Another wave of pandemic hits South Korea

With four consecutive days of COVID-19 cases over 200 each day, the South Korean government decided to raise the social […]

With four consecutive days of COVID-19 cases over 200 each day, the South Korean government decided to raise the social distancing level from 1 to 1.5 on Nov. 17. However, the numbers continue to increase and for the past couple of weeks, the numbers have been exceeding 300-500 cases each day. As a result, the social distancing level has been pushed up to 2.0 and currently 2.0+α. The number of deaths have also increased from nearly no deaths in the summer to at least one death each day recently. The surge in cases signal a third wave of pandemic in South Korea.

“I do think that a third wave has come,” said Matthew Um (10), a student interested in the investigation of the coronavirus, “especially since there is still a lot of people that do not realize that not wearing masks and not social distancing is what is making this pandemic last so long. In order to prevent the cases from increasing any more, I think that densely populated areas should be closed until a vast majority of cases have been taken care of. But if this situation prolongs, we will be back to square one: online classes would become mandatory, people would need to stay home, and the country would probably go into lockdown.”

The first wave of the Coronavirus in South Korea took place in early March, where several hundreds, even a thousand, new cases were reported each day. During the first wave, the infectious disease level was raised up to the highest level, level 4, which means being at extreme risk. Social distancing was actively implemented and all schools were closed. The second wave hit mid August with more than two hundred confirmed cases each day, leading to the social distancing level being raised to level 2.5. If this trend continues, it is possible that the third wave may be even greater than the second wave, especially with the cold weather.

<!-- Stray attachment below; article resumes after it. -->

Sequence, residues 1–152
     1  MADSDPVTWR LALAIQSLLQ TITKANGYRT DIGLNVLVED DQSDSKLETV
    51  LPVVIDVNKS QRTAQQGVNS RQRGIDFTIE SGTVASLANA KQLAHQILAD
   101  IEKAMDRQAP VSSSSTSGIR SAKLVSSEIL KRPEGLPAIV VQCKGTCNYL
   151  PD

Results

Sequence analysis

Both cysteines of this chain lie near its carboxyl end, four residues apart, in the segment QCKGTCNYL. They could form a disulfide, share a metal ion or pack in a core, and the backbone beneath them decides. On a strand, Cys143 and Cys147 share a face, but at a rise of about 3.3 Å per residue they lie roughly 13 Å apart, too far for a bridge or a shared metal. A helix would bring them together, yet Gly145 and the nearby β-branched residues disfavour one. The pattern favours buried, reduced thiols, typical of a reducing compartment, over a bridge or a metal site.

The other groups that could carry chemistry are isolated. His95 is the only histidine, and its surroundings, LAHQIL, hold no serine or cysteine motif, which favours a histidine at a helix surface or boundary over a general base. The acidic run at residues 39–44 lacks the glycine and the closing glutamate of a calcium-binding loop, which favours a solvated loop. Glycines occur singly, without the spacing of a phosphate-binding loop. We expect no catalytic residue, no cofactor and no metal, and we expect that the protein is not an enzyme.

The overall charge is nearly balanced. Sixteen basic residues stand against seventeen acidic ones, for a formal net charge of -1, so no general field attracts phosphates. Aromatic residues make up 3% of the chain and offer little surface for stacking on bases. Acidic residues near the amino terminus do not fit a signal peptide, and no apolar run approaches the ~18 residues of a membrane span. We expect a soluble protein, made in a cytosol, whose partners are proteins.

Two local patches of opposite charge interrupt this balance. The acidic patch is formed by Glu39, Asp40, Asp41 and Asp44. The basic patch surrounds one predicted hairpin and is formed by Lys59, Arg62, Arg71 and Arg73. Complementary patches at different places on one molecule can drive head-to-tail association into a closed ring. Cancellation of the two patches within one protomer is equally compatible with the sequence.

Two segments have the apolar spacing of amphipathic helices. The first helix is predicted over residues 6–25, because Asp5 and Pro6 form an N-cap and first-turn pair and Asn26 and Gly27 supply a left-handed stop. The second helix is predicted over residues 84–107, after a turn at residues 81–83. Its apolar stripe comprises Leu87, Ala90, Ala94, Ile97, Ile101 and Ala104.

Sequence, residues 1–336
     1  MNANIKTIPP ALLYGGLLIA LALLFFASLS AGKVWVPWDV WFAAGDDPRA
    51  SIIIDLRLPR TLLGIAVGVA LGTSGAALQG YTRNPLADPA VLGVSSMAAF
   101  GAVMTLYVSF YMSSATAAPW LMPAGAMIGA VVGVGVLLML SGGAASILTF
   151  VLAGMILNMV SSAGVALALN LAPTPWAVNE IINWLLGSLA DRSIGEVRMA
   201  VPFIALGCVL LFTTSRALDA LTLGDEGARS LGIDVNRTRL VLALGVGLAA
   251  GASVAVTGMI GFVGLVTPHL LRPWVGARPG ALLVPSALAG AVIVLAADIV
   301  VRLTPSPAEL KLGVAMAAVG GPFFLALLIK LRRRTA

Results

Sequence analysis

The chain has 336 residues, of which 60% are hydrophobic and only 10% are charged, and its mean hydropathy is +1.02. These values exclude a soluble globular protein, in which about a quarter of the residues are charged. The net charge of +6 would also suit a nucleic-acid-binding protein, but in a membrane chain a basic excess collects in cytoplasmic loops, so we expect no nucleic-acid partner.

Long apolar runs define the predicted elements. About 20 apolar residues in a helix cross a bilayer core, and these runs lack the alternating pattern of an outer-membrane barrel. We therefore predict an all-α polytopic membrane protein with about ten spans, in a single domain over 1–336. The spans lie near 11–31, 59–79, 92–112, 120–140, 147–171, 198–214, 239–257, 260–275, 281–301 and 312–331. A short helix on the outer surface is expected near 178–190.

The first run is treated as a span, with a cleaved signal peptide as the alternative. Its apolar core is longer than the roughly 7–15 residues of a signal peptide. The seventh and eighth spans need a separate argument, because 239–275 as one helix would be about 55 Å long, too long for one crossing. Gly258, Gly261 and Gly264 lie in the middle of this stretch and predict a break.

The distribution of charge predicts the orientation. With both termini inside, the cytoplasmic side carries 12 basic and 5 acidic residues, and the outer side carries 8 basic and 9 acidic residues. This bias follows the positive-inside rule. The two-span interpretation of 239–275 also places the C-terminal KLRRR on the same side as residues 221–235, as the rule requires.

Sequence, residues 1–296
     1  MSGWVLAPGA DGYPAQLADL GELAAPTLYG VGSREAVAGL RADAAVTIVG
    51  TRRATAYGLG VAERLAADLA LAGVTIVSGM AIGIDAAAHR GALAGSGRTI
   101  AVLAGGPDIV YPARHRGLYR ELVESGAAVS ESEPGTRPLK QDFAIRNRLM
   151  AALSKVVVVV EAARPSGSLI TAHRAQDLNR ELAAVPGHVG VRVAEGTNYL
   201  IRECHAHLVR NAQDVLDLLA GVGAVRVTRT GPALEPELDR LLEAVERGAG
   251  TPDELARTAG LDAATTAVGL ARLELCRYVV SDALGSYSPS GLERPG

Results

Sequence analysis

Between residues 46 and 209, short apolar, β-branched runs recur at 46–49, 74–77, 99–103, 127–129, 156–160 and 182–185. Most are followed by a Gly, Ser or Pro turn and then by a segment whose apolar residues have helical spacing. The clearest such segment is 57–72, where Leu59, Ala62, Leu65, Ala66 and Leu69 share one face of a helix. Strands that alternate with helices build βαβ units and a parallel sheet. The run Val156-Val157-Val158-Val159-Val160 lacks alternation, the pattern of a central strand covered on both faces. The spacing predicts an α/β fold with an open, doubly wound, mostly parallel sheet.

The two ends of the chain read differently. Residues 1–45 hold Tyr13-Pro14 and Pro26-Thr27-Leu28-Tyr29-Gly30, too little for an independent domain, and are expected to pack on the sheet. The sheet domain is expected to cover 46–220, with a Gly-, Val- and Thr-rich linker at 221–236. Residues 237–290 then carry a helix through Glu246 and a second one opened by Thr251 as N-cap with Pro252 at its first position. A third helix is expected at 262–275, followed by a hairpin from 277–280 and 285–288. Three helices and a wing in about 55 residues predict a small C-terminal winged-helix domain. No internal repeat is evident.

The rise of the social distancing level to 2.0+α and the advance of a third wave brings up the possibility of remaining in full online classes until winter break, which may become a big problem for the students taking skills based exams. If all schools are forced to close, exams would have to take place online, which is not only problematic for teachers, but also difficult for students as well, since online tests tend to be unpredictable. While there is still a lot of talk about whether winter would make matters worse or better, the only thing that the students and teachers could do in this situation is try to social distance and stay safe until the wave recedes.

“I actually think that winter may decrease the COVID-19 cases,” said Grace Lee (9), a student concerned about the third wave, “because people are more likely to wear gloves, stay inside, and wear a mask. I also believe that raising the social distancing level was a good choice on the government’s part, as conventions with 100 people or more could simply be held online or canceled. Although Korea has less cases than other countries and has a fairly successful contact tracing system in place, it is necessary to remain vigilant.”

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